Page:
Another stellar corpse has been found in the Galaxy. This one is fairly fresh—just 2,500 years old.
It is in fact the remains of an exploded star—a supernova remnant. Our Compact Array telescope near Narrabri, NSW, was one of the telescopes that helped identify it. (1)
Called G306.3-0.9, at radio wavelengths this supernova remnant is the faintest ever spotted in our Galaxy.
The source was first detected with a NASA X-ray telescope in space, Swift. It lies about 26,000 light years from us, towards the Galactic Centre.
Astronomers have recorded about 300 supernova remnants in our Galaxy. G306.3-0.9 is among the youngest 20 or so.
Astronomers want to find exploding stars, and their remains, for a couple of reasons.
First, they want to know how often stars pop their clogs in this way.
Only the massive stars (ones eight or more times heavier than our Sun) do it. And they do it at quite a young age, too: at only about 10 million years old, which is young for a star.
The number of massive stars that we can see being born should be essentially identical to the number we see exploding.
But lots of these supernovae seem to have gone missing.
Two to three supernovae should explode in our Galaxy every century. But the last time anyone might have seen one directly was in 1680—and even that’s not for sure.
It appears that a lot of supernovae are just hidden in the dust in galaxies. In nearby galaxies, 20% of supernovae seem to go unspotted, and for galaxies further out, it’s more like 40%.
Astronomers are using new instruments, particularly ones that work in the infrared, to try to find more of these “missing” supernovae.
Another reason astronomers want to find supernova remnants is to understand the nature of the original stars and the details of their violent deaths.
In this respect, the Universe’s greatest gift to astronomers has been Supernova 1987A.
This explosion was noticed on Earth on 23 February 1987 (which happened to be the day after Andy Warhol died).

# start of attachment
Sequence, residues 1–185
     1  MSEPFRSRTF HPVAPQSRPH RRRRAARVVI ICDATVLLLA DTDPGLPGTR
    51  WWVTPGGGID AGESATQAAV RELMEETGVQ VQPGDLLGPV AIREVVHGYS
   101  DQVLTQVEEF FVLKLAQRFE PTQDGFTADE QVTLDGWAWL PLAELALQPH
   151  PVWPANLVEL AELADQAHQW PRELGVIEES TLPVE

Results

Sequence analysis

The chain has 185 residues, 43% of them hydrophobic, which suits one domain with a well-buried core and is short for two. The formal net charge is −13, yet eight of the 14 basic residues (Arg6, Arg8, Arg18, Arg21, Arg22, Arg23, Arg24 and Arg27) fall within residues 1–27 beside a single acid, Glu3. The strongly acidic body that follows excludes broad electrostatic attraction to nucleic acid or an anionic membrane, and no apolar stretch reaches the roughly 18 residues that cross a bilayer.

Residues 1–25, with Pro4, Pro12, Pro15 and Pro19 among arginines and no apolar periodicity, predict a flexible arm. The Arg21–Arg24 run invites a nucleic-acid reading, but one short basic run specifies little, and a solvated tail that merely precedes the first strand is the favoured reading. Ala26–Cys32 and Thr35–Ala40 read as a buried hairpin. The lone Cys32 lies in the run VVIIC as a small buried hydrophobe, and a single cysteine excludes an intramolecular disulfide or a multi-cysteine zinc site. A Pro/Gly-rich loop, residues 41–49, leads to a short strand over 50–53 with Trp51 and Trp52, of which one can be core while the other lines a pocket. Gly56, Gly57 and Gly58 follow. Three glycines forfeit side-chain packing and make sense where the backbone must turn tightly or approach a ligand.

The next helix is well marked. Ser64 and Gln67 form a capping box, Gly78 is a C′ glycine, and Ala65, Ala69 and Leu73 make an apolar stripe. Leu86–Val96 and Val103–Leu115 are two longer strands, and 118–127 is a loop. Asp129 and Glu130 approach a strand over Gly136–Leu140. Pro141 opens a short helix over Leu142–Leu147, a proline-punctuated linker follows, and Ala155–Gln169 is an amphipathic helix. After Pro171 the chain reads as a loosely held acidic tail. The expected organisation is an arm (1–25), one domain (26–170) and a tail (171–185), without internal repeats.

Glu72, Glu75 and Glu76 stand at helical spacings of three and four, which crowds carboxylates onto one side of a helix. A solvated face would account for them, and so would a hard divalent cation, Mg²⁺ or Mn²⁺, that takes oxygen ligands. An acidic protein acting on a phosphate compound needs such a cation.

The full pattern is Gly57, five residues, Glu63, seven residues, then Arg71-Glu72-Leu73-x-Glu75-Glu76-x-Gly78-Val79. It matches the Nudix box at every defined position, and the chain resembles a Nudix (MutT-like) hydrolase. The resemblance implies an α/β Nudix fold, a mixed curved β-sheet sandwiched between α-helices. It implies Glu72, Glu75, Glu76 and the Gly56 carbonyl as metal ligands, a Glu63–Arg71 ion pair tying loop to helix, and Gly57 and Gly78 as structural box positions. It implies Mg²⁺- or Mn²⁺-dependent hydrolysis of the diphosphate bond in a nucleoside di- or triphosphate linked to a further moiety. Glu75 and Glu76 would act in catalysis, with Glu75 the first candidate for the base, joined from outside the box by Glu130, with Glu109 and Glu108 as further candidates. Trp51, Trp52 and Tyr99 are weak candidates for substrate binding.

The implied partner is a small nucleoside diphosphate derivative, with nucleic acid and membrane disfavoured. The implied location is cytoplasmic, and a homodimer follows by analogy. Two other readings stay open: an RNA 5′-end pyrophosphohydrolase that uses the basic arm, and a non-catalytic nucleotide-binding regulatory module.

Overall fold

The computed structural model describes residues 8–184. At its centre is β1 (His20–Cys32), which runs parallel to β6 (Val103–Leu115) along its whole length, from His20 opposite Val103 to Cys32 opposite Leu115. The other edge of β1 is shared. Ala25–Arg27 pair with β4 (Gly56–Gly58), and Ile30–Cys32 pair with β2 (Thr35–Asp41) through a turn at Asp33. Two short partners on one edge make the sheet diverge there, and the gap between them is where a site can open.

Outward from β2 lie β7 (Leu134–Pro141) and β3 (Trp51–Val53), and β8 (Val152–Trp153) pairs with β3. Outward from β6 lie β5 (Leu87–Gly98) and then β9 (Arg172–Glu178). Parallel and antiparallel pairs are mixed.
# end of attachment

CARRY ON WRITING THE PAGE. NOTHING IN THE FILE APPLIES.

News of the event took some time to get here, as the original star lurked in the Large Magellanic Cloud, a small galaxy that orbits our own Milky Way Galaxy.
It’s just a stone’s throw away, astronomically speaking—a mere 168,000 light-years from Earth.
Because it was so close, astronomers have been able to study the explosion and its aftermath in detail.
They have determined, for instance, that the star that exploded was a blue supergiant. This was surprising, because blue supergiants weren’t supposed to explode like this.
The Compact Array has been observing the glowing remnant from the supernova, every so often, for the last 25 years.
Now it has made the sharpest-ever radio image of it. (2)
Supernova 1987A, the gift that keeps on giving, will be in our sights for many years to come.
(1) Mark T. Reynolds, Shyeh T. Loi, Tara Murphy, Jon M. Miller, Dipankar Maitra, Kayhan Gültekin, Neil Gehrels, Jamie A. Kennea, Michael H. Siegel, Jonathan Gelbord, Paul Kuin, Vanessa Moss, Sarah Reeves, William J. Robbins, B. M. Gaensler, Rubens C. Reis, and Robert Petre. G306.3−0.9: A Newly Discovered Young Galactic Supernova Remnant. The Astrophysical Journal, 766:112 (6pp), 2013 April 1 . doi:10.1088/0004-637X/766/2/112
(2) Giovanna Zanardo, L. Staveley-Smith, C. -Y. Ng, B. M. Gaensler, T. M. Potter, R. N. Manchester and A. K. Tzioumis. High-resolution Radio Observations of the Remnant of SN 1987A at High Frequencies. Accepted for publication in The Astrophysical Journal. http://arxiv.org/abs/1301.6527v1
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